The next morning, early, before I was fully awake, in that half-way state between awake and asleep, something incredible happened.  No, I did not have a great vision.  No, a lightning bolt did not come down and fry me (like I deserved, and deserve every day of my life).  No, I was not instantly healed.  In that not fully conscious state, without any willful decision on my part, I was singing. I was singing a simple song over and over again.  I was singing: “Jesus loves me this I know, for the Bible tells me so”.   After singing it a number of times, “Jesus loves me this I know, the Bible tells me so”, I became conscious – awake, and flabbergasted.  I remembered the attitude and condition in which I had gone to sleep.  Since falling asleep, I had had no intention, no willful decision to repent, no remorse over my attitude, no change of heart. Yet, my spirit was singing, “Jesus loves me this I know…..”  As I considered this, I only had one explanation, Jesus was in my life to stay, and it was not dependent on me.  2 Timothy 2:13, “If we believe not, yet he abides faithful: he cannot deny himself”.  Philippians 1:6 says “that he which hath begun a good work in you will perform it until the day of Jesus Christ”.  The Almighty was faithful, even if I was not.  My relationship to the Messiah was not dependent on my faith, it was dependent upon Him.  He was completely faithful, regardless of my whimpering, complaining, and even regardless of my giving up.  Wow!

This was a paramount turning point in my life.  That is not only in regards to my suffering and tsouris2.  It was in regards to my entire spiritual-life orientation.  Grace was really grace, a gift, something we do not make happen. It is free.  It is not dependent on us.  True Christianity is a relationship with Jesus.  Relationship means at least two beings.  The solidness of this relationship is built on the solidness of Messiah, not the maybe, sometimes, solidness or mushiness of our faith.  He had started something in my life; He was going to finish it, even if everything (including me) seemed contrary to that.  True faith is not faith in ourselves, or faith in our own faith.  It is faith in, and the faith of, the Faithful One.

This was so liberating. True grace is liberating.  No, everything did not go fantastically that day or that week.  Everything does not go fantastically now.  A change has happened though.  Jesus loves me.  I know Jesus loves me.  And it has nothing to do with anything that I do. I can live in that certainty all the time.  When I am doing well, and when I am doing terribly.  No spiritual activity on my part: positive, negative, or neutral, increases, maintains, or diminishes that love.  That love is always.  Oh that is basic scripture and basic theology, yet how many of us live as though we really believe it for ourselves.  How much of my life had I only stated it, yet not fully believed it.  “I have heard of thee by the hearing of the ear: but now mine eye sees thee” (Job 42:5).  I had heard of grace, but now I had seen the wonder of Y’shua’s3 relentless grace in my own life.  I now turn away from my self-righteous, self-trying efforts to impress, convince, or help God to love me more.  I simply rest my life in the certain reality: “Jesus loves me, this I know, for the Bible tells me so”. This relentless, magnificent, grace!!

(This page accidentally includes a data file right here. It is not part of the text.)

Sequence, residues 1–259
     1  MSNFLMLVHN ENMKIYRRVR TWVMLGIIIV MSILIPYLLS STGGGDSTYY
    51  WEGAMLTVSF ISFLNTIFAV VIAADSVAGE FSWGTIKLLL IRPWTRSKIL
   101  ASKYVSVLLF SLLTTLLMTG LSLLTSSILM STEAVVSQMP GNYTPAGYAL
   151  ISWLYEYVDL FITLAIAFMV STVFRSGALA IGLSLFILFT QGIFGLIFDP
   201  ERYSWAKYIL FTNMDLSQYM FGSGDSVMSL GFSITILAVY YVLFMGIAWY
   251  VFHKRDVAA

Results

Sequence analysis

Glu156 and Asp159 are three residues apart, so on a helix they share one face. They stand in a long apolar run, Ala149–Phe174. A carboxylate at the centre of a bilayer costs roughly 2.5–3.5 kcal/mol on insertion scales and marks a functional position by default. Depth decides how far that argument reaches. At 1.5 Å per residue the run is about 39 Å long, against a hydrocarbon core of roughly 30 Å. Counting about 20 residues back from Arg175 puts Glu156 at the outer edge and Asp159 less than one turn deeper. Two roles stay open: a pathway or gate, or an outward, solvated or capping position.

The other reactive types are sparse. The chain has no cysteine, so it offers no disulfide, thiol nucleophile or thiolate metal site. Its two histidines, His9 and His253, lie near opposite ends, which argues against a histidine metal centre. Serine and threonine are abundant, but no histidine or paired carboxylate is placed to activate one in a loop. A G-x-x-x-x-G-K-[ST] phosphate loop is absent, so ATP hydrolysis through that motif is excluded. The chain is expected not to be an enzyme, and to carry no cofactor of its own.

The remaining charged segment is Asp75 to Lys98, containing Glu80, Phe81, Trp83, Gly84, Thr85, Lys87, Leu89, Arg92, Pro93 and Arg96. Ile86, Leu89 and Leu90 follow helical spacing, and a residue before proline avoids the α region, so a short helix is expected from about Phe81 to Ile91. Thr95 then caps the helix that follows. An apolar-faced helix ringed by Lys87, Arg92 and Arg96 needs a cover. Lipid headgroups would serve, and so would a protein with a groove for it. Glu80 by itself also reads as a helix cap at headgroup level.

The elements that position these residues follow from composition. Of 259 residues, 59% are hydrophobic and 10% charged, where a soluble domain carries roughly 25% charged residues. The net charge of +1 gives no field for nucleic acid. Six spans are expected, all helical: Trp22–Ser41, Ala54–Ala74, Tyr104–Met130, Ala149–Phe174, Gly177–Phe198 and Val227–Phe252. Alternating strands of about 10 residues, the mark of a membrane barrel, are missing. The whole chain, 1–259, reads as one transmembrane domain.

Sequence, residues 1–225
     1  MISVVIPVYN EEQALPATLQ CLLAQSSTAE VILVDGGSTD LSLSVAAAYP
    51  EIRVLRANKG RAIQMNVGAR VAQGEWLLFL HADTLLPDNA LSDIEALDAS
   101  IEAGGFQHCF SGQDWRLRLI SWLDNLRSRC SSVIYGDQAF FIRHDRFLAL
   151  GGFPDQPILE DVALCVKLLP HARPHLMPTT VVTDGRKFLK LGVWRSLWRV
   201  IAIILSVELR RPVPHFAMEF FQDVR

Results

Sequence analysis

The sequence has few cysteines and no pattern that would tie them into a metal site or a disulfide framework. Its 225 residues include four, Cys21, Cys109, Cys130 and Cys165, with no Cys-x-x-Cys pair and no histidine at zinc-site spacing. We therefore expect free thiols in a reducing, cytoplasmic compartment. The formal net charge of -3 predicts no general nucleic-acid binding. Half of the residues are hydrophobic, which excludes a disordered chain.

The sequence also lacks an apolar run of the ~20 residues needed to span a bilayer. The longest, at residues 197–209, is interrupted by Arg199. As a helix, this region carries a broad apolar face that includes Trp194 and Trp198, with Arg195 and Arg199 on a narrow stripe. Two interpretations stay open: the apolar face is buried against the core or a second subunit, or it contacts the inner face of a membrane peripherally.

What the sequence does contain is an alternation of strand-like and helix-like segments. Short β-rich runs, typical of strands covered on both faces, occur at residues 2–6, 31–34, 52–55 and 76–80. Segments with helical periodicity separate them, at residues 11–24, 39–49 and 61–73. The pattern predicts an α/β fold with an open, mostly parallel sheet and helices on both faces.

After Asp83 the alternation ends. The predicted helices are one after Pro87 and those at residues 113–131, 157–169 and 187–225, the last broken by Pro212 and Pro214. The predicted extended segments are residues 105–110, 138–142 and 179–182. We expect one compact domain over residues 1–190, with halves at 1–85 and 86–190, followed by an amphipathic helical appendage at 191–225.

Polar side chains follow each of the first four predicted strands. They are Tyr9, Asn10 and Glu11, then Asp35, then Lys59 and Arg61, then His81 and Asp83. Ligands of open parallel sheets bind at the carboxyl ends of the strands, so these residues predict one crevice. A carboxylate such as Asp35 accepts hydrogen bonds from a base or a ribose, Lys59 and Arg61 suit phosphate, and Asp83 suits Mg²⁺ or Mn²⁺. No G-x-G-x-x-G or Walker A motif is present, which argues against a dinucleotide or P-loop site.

(This article first appeared  in Smiling Maven Newsletter January 2006)



  1. I am sharing three major turning points in my experience with grace. They are being shared in reverse chronological order.
  2. Tsouris (Yiddish)—Trouble.
  3. Y’shua – ישוע (Hebrew) Jesus

Why the “Smiling Maven”?

‘Maven: a person who has special knowledge or experience; expert {Yiddish meyvn < Hebrew מבין }’3   ‘An expert or connoisseur; someone with profound knowledge of a subject.’4 A maven is someone that you go to with a question (on a particular subject) in the expectation that he will have an answer.  In practice a maven is often well-versed in a number of subjects.   To consider oneself as a maven may be an indicator of pride.  I have some experience and expertise in a number of areas, a jack of all trades and master (or maven) of none.   Yet there is one thing that I am increasingly convinced to excel in.   It is an area that I believe the Lord wants me to become a maven.  That subject or topic is grace.

The Apostle Paul told Timothy “Be strong in the grace that is in Messiah Jesus (2 Timothy 2:1).  There are many good definitions of grace, of God’s grace.  Here is one that I believe is an excellent working definition: the smiling face of God’s favor.  When God chose to send His son, the Messiah Jesus, to die for fallen humanity – He was not frowning upon us, he was smiling upon us.

There is a connection between grace in our lives and our capacity to smile. I don’t claim to smile enough.  I am not sure that I could consider myself an expert on grace.  Yet, I have experienced that the Lord is gracious.  He has smiled upon me.  In my darkest, my most unfaithful, my most run awayish, rebellious, complaining attitude, Jesus has been gracious to me.  By his graciousness to me, I can see God’s desire for this Jewish boy from New York to become a smiling expert on God incredible grace; To be a smiling maven for the true smiling maven (master) of the universe.

Why the Maven

(This article first appeared  in the first Smiling Maven Newsletter November 2005)

  1. American Heritage Dictionary (Houghton Mifflin Company 1985)